1. Collecting data from lots of machines or LPARs would require network access and lots of error handling for missing or late data.
    2. The nmon output file would then be far more complex and have to include the machine names and totally rewrite the time stamps.
    3. We already suffer from too much data than Excel can handle.
    4. There would simply be too much data to display
    5. This complication would mean nmon becomes very large and code stability would take a long time to settle down
  • What you do need is:
    1. Less data and then you drill down of particular nodes
    2. Automated database generation to store the data
    3. Automated graphing of the data you really want
    4. History for the last hour, day, week, month year
    5. Small simple daemons on the nodes and automated central collection point
    6. Simple method of collecting more stats
    7. Open Source code to make it safe and simple to implement.
  • This tool is called Ganglia, see See Question 101

Question 46: When will nmon collect data like the AIX "topas -C"?

  • It may not be obvious but topas and topas -C are two completely different programs hidden in one binary.
  • The cross partition stats involved communicating with each LPAR and the HMC to get the data unlike the local stats that just calls the local kernel API.
  • The cross partition version of nmon has already been written it is called Ganglia please see for more details. OK, it is an excellent Open Source tool and nothing to do with nmon but it is has all the right stats, many brilliant features, is very simple to implement and has very little impact on performance.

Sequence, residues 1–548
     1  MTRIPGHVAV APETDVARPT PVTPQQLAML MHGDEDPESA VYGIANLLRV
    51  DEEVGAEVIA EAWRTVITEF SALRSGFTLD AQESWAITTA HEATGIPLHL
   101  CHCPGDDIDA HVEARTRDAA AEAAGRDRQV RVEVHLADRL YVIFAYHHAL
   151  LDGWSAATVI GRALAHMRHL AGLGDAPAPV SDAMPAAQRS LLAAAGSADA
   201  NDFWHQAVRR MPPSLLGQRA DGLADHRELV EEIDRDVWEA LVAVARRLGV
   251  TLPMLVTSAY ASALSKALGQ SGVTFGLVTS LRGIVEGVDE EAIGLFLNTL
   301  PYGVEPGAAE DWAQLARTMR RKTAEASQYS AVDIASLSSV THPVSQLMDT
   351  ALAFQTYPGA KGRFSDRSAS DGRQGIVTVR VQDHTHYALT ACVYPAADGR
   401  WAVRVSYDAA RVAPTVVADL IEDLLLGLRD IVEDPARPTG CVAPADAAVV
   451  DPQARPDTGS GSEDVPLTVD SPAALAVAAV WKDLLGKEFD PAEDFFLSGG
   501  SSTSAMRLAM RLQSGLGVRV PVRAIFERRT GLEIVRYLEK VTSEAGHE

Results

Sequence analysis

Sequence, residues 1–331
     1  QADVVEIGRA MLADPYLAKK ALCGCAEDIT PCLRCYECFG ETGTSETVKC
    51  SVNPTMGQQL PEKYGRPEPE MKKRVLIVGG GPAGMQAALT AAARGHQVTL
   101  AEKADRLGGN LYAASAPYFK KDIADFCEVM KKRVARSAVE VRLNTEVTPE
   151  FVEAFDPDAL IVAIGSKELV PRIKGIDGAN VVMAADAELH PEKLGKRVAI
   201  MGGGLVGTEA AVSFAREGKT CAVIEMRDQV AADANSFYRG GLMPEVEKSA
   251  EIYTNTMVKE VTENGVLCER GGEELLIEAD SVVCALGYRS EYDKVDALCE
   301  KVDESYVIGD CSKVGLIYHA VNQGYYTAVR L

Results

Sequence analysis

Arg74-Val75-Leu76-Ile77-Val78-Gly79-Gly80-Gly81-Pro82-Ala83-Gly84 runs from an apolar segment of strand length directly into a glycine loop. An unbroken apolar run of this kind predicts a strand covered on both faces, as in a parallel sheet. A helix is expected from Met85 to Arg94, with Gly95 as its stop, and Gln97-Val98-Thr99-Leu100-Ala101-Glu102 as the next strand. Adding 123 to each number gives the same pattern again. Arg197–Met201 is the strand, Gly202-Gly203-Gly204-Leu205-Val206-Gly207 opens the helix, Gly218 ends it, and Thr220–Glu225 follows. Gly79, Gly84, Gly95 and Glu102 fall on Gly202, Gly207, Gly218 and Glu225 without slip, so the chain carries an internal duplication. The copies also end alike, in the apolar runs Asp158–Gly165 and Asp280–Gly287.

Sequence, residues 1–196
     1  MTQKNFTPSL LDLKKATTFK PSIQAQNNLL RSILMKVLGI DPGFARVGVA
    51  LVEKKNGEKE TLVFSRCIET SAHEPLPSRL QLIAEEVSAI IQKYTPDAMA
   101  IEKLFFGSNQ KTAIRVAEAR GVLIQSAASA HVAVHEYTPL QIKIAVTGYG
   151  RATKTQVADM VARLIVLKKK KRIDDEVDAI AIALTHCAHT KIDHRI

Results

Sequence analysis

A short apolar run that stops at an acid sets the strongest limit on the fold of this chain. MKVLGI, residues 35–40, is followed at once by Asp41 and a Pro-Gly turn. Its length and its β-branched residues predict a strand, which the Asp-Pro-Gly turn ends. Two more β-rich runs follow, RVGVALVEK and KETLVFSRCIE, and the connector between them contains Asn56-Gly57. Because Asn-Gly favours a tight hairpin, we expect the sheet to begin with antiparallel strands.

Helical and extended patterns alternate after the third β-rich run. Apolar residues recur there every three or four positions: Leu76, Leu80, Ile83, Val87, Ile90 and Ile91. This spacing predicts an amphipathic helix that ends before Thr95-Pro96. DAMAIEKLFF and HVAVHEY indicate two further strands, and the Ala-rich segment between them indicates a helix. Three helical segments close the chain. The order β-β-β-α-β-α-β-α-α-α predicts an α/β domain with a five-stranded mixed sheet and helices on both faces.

• There is no need to duplicate this work and it also supports lots of operating systems, the output is via a website and the data is in graph form and it keeps historic data - so this is better then text output on a dumb screen and only for root users.

Question 47: nmon will not stay running - What should I check?

First the regular house keeping:

  • Have you filled up a filesystem? df -m
  • Have you got a recent Operating System level? i.e. missing bug fixes
    • Linux cat /etc/*ease
    • AIX oslevel -s if the last four digits don't start with a 15 or 16 then your AIX is probably not fully supported !!!
  • On Linux have you got a current version on nmon?
    • You would be amazed how often I get questions about 2 to 5 year old version of nmon for Linux
    • There seems to be a mentality with some users, that if nmon works now then you can pass that version on yo your grand children!
  • What do you get in the nmon output file?
    • That can provide clues about where it stopped.
    • Use vi to take a look at the end of the file.
  • Have you forgotten to reboot AIX after an upgrade?
    • The result is /unix not matching what is running content of memory
  • Stop using duff nmon command line options.
    • Is it possible for you to read the nmon -h output :-)
    • No one seems to read the line Note: use only one of f,F,z,x or X and make it the first argument
  • Are you sure you really want all these two dozen options.
    • Some times invalid options causes problems like, just as an example, requesting NFS stats when the OS is not using NFS.
  • KISS = What happens if you try something simple like: nmon -f -s1 -c 10
    • This eliminates the advanced options/stats being the cause of an issue.

Still got a problem? Get some help